BENCON DEYELOPMENT SDN BHD v. JABATAN PERKHIDMATAN PEMBENTUNGAN & 2 ORS

BENCON DEYELOPMENT SDN BHD v. JABATAN PERKHIDMATAN PEMBENTUNGAN & 2 ORS
HIGH COURT, PULAU PINANG
ABDUL HAMID MOHAMAD J
USUL PEMULA NO: 25-122-1997
6 APRIL 1999
[1999] 1 LNS 391
Case(s) referred to:
1. Pengarah Tanah dari Galian Wilayah Persekutuan v. Sri Lempah Enterprise Sdn. Bhd. [1978] 1 LNS 143; [1979] 1 MLJ 135.
2. Khoo Ah Imm @ Chang Bee Kiam & Ors v. Datuk Bandar Kuala Lumpur & Anor [1997] 3 CLJ 519; [1997] 2 MLJ 602 C.A.
3. Smith & Ors. v. Inner London Education Authority [1978] 1 All ER 411.

Counsel:
COUNSEL:
1. Bagi pihak Pemohon Dato’ Lakhbir Singh bersama Cik Jagjit Kaur, Tetuan Lakhbir Singh & Co
3. Bagi pihak Responden-Responden Encik Syed Marzidy bin Syed Marzuki, Peguam Persekutuan

JUDGMENT
This case involves the same project and the same developer as in Originating Summons No 24-95-98. In that case the Applicant, inter alia, sought for a declaration that it did not have to comply with the condition that it had to widen the existing bridge in the area, some seven years after it was imposed. I dismissed the application and had given my grounds.
In this case, briefly, the Applicant is challenging the requirement to pay a contribution of RM2,500,000.00 to upgrade the existing sewerage system as a condition for permitting the Applicant to connect. its sewerage system to the public sewerage system.
[Page 2]
Let me narrate the facts in chronological order.
The Applicant submitted an application for planning approval to the Majlis Perbandaran Pulau Pinang (MPPP) to develop a total of 1,628 units consisting of six types of buildings. In the plan submitted by the Applicant, the Applicant demarcated an area of 0.799 acre of its own land as a site for a private sewage treatment plant.
By a letter dated 17th December 1995, MPPP approved the application, with normal conditions. It goes without saying that the layout plan that was approved contained the Applicant’s proposal to construct a sewage treatment plant at it own costs, on its own land to cater for the Applicant’s housing project. Several amendments were made subsequently by the Applicant pertaining to the types and the number of units. However, the Applicant’s proposal to construct its own sewage treatment plant, which was approved by MPPP, remained unchanged.
On 1st March 1996 the Sewerage Services Act 1993 came into force. The Act, as stated in the preamble, confers on the Federation matters relating to sewerage systems and sewerage services which previously were [Page 3] administered by the various local authorities, in this case, the MPPP. It also provides for privatisation of the services and was privatised.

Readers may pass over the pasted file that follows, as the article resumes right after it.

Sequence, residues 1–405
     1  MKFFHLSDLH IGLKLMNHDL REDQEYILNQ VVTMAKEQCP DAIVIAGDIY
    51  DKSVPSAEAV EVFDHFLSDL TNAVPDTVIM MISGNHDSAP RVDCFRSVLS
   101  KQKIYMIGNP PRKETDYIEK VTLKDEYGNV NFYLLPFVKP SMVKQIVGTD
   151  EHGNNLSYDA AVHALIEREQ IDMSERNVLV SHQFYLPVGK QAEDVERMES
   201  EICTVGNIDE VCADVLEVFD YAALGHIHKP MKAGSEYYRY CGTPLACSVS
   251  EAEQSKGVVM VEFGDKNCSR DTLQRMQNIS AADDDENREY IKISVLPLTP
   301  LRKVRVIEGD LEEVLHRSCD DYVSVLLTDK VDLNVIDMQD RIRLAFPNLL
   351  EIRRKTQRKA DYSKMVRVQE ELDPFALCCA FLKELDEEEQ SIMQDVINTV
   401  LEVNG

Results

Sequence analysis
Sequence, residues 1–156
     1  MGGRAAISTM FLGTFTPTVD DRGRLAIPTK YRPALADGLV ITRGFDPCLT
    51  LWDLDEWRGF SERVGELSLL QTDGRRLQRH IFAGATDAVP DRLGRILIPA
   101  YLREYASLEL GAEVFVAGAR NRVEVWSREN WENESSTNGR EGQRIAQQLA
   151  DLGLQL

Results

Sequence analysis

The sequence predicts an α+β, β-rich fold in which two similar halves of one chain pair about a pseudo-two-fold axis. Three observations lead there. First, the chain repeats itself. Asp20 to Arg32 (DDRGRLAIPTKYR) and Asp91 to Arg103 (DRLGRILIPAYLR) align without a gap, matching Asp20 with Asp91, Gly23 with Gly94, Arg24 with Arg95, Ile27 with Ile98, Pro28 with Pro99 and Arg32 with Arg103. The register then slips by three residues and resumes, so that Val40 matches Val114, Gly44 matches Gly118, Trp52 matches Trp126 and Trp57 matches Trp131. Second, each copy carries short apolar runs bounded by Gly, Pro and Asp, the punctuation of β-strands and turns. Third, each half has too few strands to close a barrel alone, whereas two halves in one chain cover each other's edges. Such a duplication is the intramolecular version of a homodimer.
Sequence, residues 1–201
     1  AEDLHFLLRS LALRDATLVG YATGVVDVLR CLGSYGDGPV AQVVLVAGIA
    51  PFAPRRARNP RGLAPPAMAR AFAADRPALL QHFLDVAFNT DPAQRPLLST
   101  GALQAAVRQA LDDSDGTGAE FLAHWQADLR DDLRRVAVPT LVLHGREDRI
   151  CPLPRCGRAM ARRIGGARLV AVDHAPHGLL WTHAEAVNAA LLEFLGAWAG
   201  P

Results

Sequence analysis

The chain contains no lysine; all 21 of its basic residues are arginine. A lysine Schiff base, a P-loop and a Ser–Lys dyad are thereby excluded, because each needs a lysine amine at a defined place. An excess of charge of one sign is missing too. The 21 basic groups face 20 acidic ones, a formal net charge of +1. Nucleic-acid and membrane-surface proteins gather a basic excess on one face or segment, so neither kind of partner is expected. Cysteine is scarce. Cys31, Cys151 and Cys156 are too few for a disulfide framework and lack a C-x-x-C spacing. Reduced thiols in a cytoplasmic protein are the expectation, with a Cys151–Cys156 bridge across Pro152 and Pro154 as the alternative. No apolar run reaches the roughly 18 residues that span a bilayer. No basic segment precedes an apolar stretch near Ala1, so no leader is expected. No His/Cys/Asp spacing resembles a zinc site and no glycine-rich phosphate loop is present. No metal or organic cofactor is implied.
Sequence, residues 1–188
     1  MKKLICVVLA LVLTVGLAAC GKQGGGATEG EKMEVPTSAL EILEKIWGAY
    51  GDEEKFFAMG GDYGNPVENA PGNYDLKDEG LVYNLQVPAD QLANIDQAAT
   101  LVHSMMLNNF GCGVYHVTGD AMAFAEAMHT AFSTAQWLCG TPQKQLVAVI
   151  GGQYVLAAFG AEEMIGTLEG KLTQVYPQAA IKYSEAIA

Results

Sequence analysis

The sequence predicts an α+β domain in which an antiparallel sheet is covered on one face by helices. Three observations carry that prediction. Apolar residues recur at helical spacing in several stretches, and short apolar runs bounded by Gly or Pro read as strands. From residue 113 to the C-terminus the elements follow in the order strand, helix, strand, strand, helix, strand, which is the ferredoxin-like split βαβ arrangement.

To complete the picture, I think I am entitled to take judicial notice of a fact stated by the Applicant itself in one of its affidavits in Originating Summons No. 24-95-98 that the Applicant commenced work in May 1993.
In the meantime, the Applicant came to know that there was a public sewerage system in the area.
So, on 19th May 1997, the Applicant submitted an application for permission to connect its system to the public sewerage system.
The reason is not difficult to understand. If the Applicant could do that, then, it would not have to utilise its own land of 0.799 acres for the construction of its own sewage treatment plant. The land could be used for some other purpose, most probably to build more units. It would also save the costs of constructing it own sewage treatment plant.
By a letter dated 13th October 1997 the First Respondent replied that it had no objection subject to 14 conditions, one ‘of which was payment of [Page 4] RM2,500,000.00 as contribution for the upgrading of the existing system. It is this condition which is now being challenged but not the approval itself.
There is only one ground in this application : whether the First Respondent has power to require the Applicant to make contribution for the upgrading of the existing sewerage system when it approved the Applicant’s application to connect its sewerage system to the public sewerage system.
The relevant provision is section 18:
“18.(1) No person shall, without the prior written permission of the Director General –